SINCE the beginning of the year, the government has had a new tool to expropriate the land needed to complete the cross-country highway that Prime Minister Robert Fico promised to finish by 2010. Though Ivan Gašparovič pleased the government by signing the bill into law, the opposition is still determined to halt the controversial package of one-time special measures.
Under the new law, which parliament passed on December 11, the state does not need to have all the ownership rights to the land settled in order to receive a construction license. It just needs to have these rights settled by the time the construction is finished and approved. The Transportation Ministry said that the legislation was needed so that “a billion” investments would not be stuck because of bargaining about the expropriation price.
But the measures included in the law have been described by critics as violating Slovaks’ constitutional right to property. Daniel Lipšic, former justice minister and deputy leader of the Christian Democratic Movement (KDH), told the Sme daily that by signing the law on December 30, the president – who has a law degree – proved that he is unqualified to practise law. Gašparovič rejected the criticism.
“I am a lawyer and I evaluate the laws,” he told the SITA newswire. “My profession is different from the professional background of other presidents.”
Deputy Prime Minister Dušan Čaplovič said he is confident that the law has been handled in a way that does not contradict the constitution. But political scientist Grigorij Mesežnikov said the Constitutional Court will most likely stop the law.
“I assume that the Constitutional Court will halt the legislation from coming into force, and it will hardly add to the president’s credibility among critical thinkers,” Mesežnikov told Sme.
Via Iuris of the Centre for Rights of Citizens has been critical of the law since its very inception. The centre’s Eva Kovačechová told The Slovak Spectator that the president’s signature has not changed the situation.
“The law is unconstitutional on its face, mainly in relation to ownership rights and the protection of these rights,” Kovačechová said. “In this aspect nothing has changed, and the president has signed it even though he himself had questioned its constitutionality.”
Kovačechová said that citizens who are faced with losing their property because of this legislation should turn to the court, which can halt the procedure if it rules the decision was made on the basis of an unconstitutional law.
The legislation was the third attempt to simplify and speed up the expropriation of the land that the highway is slated to cross. Transportation Minister Ľubomír Vážny said that some tougher measures had to be adopted in order to meet the deadline for wrapping up the highway between Bratislava and Košice by the end of this election term, the SITA newswire wrote.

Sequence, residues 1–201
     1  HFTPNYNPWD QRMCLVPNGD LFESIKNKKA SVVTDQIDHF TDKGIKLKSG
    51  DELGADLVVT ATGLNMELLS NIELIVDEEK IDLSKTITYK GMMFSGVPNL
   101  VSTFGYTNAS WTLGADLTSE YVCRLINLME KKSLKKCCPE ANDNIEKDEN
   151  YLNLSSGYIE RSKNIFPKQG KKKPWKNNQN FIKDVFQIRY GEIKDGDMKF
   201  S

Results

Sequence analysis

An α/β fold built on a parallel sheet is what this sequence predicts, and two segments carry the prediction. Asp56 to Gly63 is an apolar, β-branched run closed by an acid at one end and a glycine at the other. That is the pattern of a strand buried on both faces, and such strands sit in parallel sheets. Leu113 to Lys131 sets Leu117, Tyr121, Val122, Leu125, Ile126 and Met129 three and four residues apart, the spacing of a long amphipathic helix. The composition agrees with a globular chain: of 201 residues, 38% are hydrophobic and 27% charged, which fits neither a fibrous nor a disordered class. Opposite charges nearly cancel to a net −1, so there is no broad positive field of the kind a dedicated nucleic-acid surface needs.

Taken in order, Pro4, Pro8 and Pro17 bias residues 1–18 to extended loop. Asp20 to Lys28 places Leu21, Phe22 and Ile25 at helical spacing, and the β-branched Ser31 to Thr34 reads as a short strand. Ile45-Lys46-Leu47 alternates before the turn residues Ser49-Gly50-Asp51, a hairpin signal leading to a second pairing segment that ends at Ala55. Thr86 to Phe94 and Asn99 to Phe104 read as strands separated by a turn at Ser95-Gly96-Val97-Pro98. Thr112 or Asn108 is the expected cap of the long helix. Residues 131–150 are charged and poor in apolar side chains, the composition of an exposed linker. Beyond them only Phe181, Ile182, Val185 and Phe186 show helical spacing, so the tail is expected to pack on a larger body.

The ministry also said that the legislation will only pertain to the owners of the land that is needed to complete specific highway sections: the D1 sections from Hričovské Podhradie to Ivachnová, Jánovce to Jablonov, and Fričovce to Svinia; the R1 from Nitra West to Hronský Beňadik; the I/18 from Žilina to the southeast bypass, and Strečno to Dubná Skala; and the I/68 from Prešov West to Prešov South.
The Slovak constitution allows expropriation and limiting ownership rights under specific conditions, including the provision of adequate compensation, Lipšic told The Slovak Spectator in an earlier interview. However, this compensation must be provided before the ownership right is limited and not after, when changes to the land cannot be reversed, he added.
“The legislation is the most serious intervention into ownership rights since 1989,” Lipšic said.
The only ruling coalition MP to abstain from the vote to pass the bill into law was Movement for a Democratic Slovakia (HZDS) MP and former deputy prime minister for legislation Katarína Tóthová. She agreed that the legislation goes against the country’s constitution, and said the government should have loosened its deadlines instead.
“I do not like solutions that are on the brink of violating the constitution,” Tóthová told the public service Slovak Television on December 11.
The Conservative Institute, the Initiative for Just Expropriation, the Civil Conservative Party and the Institute of Economic and Social Analysis also object to the law.
The state has also decided to build 151 kilometres of highways and dual carriageways using the public-private partnership (PPP) system. The Transportation Ministry announced the PPP tender for the first package of highway sections on November 17, inviting companies and consortiums to submit their bids by January 8.